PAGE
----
Frequently asked questions (and answers!) about our headshot photography, environmental portraits, modeling portfolio photo shoots and more. And if your question isn’t on the list, contact us! We’re happy to chat.
Achieving that look requires preparation on your part (great makeup, hair & clothes) and on mine as the headshot photographer (understanding and capturing the most striking angles, providing expert lighting to emphasize your eyes and make your skin look beautiful, etc.).
But a great headshot should be more than that. It should express something unique about you; it should show off your personality; it should be engaging and interesting. That’s why my sessions, whether in my studio or on location, are relaxed, casual and fun. Anyone can press a shutter button, but I give you the opportunity to let the ‘real’ you shine through.
Hopefully, we’ll meet or chat beforehand so I'm clear about your goals and your preferences. Before I begin shooting, we’ll talk about the various types of shots you want. If it's a corporate headshot, what kind of impression do you want to make? Warm and friendly? Confident and powerful? Curious and engaged? If you're an actor, what "type" are you? Nerdy hero, sensitive outcast, quirky ingenue, wacky best friend?
After that, I shoot you (much more fun than it sounds). Since I shoot digitally, there is no practical limit to the number of shots I can take. Sometimes I’ll give you direction, and sometimes I’ll just let you play around with whatever poses you want. We’ll try different angles and different lighting. Sometimes I shoot frames in rapid fire succession. Sometimes I shoot slowly and deliberately. Maybe I’ll ask you to tell me about your work or your last vacation, or sing a song or perform a monologue (hey, I get my entertainment where I can!). The end goal is to capture the perfect moment when your eyes, mouth, body language and inner self converge into an expressive, compelling picture.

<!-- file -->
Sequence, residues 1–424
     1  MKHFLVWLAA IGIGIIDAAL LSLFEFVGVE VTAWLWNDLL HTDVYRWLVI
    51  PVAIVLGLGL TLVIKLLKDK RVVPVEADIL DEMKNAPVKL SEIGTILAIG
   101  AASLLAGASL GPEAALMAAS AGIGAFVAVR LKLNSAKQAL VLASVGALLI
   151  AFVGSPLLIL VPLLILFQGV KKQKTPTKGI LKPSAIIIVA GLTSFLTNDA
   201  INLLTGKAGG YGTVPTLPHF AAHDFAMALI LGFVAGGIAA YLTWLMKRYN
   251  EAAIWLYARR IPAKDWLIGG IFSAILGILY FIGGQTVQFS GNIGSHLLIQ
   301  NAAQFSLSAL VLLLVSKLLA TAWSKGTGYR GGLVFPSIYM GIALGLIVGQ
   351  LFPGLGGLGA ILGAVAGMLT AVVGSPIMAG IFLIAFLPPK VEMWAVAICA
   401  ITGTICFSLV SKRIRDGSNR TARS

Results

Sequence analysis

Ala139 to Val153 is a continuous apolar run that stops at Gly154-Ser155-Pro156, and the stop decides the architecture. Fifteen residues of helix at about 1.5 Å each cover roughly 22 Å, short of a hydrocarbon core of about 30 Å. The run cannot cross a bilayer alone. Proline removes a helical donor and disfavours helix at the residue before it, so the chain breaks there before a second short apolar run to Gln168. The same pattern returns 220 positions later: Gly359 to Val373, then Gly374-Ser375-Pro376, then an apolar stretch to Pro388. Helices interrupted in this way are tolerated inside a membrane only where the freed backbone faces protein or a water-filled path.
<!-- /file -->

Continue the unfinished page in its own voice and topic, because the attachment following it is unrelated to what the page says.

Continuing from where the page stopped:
And all along the way, we’ll look at the images on my camera LCD screen and/or computer monitor so that we can make any necessary adjustments on the fly. That way, before you leave, we’ll both know you nailed your headshot.
a. Give some thought to what image you want your headshot to convey. If you're in the business world, what are you trying to project? Intelligence? Reliability? Leadership? Warmth? If you're an actor, know your “type” and be prepared to be that type during the shoot. If you don’t know your type(s), talk to your agent, manager, acting teacher, colleagues, etc.
b. Practice posing in front of a mirror. You might feel silly, but it helps. Trust me.
c. You know the routine to make your skin and eyes look their best, so do it.
• for 72 hours before the shoot drink lots of water and stay out of the sun;
• get lots of sleep the night before.
d. If you plan on using a makeup artist, come to the shoot with your face clean and product-free (except for moisturizer).
e. Take care of any beauty treatments (haircut & color, eyebrow shaping, tanning, etc.) well in advance of the shoot (preferably a week ahead) so the treatments are still fresh but look natural.
- Music! Something that relaxes you, revs you up, or makes you happy. And if you forget, I have a pretty huge music collection available, so chances are we’ll find something to relax you, rev you up, AND make you happy.
- Hairbrush and any styling products you need.
- Men: bring shaving gear if you want to take shots with and without facial hair.
- Optional: A friend, but only if you’ll be relaxed and feel comfortable posing in front of him or her. If not, please leave your friend at home.
- Bring a variety of tops to choose from, with varying colors and collars. I recommend packing a bag with at least 3-5 tops to choose from. Think about what you wear when you want to nail your presentation, make the sale, or wow the casting director at your audition. Chances are those are good choices.